The public hearing yesterday on HB 2429 -- a bill proposed in the Oregon House in January to move the Beaver state's primary from the third Tuesday in May to the second Tuesday in June -- clearly indicated a partisan break in sentiment on the intent of the legislation. Oregon Democrats -- the majority party in the Oregon House -- came out in favor of the move.
House Democratic Leader Dave Hunt, who co-chairs the House Rules Committee, said he's considering the bill because it would shorten the period for the general election and provide more space between the new even-year sessions of the Legislature and the primary.
In the even years, the session could run as late as the filing deadline in early March, said Hunt, adding that he would prefer to provide some breathing space between the two.
Shortening the general election by what would amount to three weeks is probably not a solid enough argument for Democrats to make, but the filing deadline argument has some precedent. Discussions in Kentucky during the 2011 legislative session and in Arkansas in 2009 -- both concerning bills to move primaries to August -- contained similar arguments. The perceived benefit is that the filing deadline and thus the decision to run for candidates comes at a point in which the legislature is no longer in session. The "breathing space" Hunt mentions would separate legislative decisions from decisions to run for office; that the latter would have less influence on the former.
Legislative members of the Oregon GOP and the state party voiced far different opinions on the proposed move.
At the hearing, Tyler Smith, a lawyer representing the Oregon Republican Party, opposed the bill. He said the later primary date could complicate the ability of the party to select delegates for the Republican National Convention. And Rep. Vicki Berger, R-Salem, said she was skeptical of holding elections so close to summer when voters have their attentions diverted.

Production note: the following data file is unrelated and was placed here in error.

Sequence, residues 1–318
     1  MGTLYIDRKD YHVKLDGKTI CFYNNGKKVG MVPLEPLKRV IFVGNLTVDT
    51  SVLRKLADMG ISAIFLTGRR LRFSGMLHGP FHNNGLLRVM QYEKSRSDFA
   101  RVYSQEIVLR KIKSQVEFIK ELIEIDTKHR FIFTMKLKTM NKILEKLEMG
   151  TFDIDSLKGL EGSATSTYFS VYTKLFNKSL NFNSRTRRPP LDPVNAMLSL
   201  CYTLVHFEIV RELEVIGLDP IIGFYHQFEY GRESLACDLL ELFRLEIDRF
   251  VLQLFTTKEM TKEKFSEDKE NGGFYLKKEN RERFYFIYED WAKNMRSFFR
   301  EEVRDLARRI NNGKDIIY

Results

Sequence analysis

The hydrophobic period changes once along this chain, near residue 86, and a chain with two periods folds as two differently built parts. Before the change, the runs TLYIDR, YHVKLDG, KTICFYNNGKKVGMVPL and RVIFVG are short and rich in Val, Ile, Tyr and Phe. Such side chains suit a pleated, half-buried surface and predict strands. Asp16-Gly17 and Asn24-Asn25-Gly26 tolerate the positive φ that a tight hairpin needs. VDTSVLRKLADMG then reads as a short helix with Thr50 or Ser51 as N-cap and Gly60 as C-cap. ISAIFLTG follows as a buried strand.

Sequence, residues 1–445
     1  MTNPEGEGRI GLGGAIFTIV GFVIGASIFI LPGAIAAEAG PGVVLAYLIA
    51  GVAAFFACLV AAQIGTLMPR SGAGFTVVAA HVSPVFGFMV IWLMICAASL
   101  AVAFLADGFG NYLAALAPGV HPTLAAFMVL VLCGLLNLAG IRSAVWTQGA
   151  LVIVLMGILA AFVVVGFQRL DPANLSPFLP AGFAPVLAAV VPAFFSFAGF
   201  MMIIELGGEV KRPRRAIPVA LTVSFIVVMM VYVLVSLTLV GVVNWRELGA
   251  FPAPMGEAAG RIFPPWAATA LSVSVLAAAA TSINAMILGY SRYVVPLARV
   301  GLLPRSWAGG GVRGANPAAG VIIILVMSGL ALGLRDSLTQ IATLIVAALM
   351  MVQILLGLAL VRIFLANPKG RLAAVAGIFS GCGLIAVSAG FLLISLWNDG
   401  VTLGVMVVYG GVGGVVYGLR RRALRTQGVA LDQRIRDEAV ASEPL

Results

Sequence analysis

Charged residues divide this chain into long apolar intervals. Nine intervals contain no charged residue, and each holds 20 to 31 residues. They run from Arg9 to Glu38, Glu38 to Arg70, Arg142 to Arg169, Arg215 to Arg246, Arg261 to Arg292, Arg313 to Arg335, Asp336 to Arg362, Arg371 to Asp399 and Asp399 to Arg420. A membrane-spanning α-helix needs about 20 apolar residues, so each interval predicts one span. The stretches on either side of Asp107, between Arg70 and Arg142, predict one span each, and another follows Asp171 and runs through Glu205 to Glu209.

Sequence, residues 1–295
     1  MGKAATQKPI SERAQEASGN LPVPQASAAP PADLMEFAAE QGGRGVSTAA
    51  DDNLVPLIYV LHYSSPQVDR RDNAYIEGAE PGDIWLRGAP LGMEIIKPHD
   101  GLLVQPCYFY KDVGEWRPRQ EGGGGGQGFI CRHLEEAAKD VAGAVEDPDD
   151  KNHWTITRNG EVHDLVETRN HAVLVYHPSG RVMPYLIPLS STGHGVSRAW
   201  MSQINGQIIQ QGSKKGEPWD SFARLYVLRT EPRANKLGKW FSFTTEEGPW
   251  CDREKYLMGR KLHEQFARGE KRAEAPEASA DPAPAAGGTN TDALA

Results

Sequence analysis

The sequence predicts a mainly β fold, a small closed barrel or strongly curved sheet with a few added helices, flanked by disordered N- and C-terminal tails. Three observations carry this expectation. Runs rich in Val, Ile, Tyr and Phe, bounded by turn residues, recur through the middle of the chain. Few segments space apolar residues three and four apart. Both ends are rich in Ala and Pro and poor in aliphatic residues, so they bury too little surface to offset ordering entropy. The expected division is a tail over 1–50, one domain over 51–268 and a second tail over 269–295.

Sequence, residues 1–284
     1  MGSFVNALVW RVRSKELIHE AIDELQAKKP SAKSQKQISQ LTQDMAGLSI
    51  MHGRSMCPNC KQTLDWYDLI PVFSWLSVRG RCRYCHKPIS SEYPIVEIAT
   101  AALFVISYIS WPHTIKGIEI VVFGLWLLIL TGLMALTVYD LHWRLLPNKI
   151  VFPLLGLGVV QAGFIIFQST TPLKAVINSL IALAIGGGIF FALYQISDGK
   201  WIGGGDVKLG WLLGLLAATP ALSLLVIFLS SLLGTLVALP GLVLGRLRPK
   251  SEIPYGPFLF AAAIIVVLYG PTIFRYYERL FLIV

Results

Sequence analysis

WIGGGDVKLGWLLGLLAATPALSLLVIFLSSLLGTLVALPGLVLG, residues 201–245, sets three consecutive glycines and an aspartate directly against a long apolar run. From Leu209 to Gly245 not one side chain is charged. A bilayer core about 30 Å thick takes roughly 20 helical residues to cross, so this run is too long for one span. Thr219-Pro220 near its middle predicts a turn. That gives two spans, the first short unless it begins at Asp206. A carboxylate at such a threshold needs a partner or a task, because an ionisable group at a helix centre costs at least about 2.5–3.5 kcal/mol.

I don't know that either side has really developed a clear set of arguments on this proposed move. Three or four weeks deeper into the spring (or school year summer) probably won't make all that much difference to voters and it certainly won't complicate national convention delegate selection. Other states have scheduled and have had in the past early June primaries with little or no difficulty. The only potential conflict is that a later primary may come slightly closer to the point at which the state parties hold state conventions and begin identifying actual delegates to attend the national conventions. Those occur in July in Oregon, though, and the results of any primary would certainly have been finalized by that point whether in May or June.
In any event, there don't seem to be strong arguments for or against this measure and that doesn't necessarily bode well for the bill passing and being signed into law. Plus, in the grand scheme of things, it isn't in any way altering the impact Oregon is likely to have on the outcome of the Republican nomination race. Both dates are late enough that any impact would be dependent upon the race lasting that long. It could happen, but that goes against the grain of all post-reform Republican nominations.
NOTE: See an update on this post (with a deeper explanation of some of the state-level factors) here.